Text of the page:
In tonight’s episode, Jake’s number communications take a turn for a pattern of concentric circles that somehow connect up to the number 22. There’s a good-hearted ne’er-do-well who lifts a man’s wallet then returns it when he sees a photo of the man’s daughter. There’s a teen-age Saudi Arabian girl, Norah (Emily Ghamrawi) who when she finds out that her father has betrothed her to another man’s son, dresses in boy’s clothes and goes joy riding with her girl friend (also dressed as a boy – it’s against Saudi law for women to drive). And there’s a young doctor in Montreal who is mooning over a young woman he sees every day on the train, but can’t get up the courage to speak to.
The thief steals Martin’s laptop as Martin is trying to get to Jake’s evaluation session. Naturally, Martin gives chase and lands on a bus, where his central conflict begins. Next to him is a young Salvadoran (at least, I think she’s from San Salvador – things move really quickly in this show and it’s really hard to catch things like names and places) woman who has a gun, which she immediately turns on Martin. Actually, she’s out to kill the former soldier who killed her parents and took her brother away. But since Martin is now onto her, she can’t let him go and Martin misses the evaluation session.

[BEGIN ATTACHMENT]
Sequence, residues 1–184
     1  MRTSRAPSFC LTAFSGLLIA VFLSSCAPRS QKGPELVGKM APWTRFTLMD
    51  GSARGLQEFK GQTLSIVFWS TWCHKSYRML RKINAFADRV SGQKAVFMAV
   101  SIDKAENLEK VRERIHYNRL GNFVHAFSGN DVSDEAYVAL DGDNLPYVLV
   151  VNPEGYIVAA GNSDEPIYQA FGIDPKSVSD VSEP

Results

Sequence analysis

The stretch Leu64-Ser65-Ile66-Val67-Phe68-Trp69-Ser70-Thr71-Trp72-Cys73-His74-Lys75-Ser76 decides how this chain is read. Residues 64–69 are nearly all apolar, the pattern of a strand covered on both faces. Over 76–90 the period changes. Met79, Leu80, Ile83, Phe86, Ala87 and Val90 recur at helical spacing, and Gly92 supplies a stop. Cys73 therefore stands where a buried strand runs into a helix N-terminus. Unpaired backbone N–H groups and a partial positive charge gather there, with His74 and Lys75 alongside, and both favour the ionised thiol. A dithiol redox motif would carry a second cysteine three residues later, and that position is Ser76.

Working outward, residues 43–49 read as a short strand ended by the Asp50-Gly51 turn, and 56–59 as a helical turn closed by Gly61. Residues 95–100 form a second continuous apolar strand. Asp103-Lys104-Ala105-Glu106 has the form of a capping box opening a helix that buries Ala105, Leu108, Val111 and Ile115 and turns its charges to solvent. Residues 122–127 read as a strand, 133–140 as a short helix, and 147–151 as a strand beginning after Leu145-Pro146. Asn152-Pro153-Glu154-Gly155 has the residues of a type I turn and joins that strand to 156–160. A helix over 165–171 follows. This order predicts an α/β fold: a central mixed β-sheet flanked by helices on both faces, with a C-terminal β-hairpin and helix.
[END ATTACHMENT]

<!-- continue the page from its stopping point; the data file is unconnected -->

The Saudi girls pick up a pregnant woman out in the desert who is trying to get to the hospital because that baby is coming. The thief gives the laptop to his daughter for her birthday, although the girl is pretty clear that she’s going to find another family’s vacation photos on it. And Arthur swings by the hospital to check in with a nurse there, only it turns out she’s his daughter and very worried that her dad is going off the deep end again regarding Jake. And the doctor in Montreal is asked to stay late to try to find a bone marrow donor for a young boy whose parents adopted him from South America.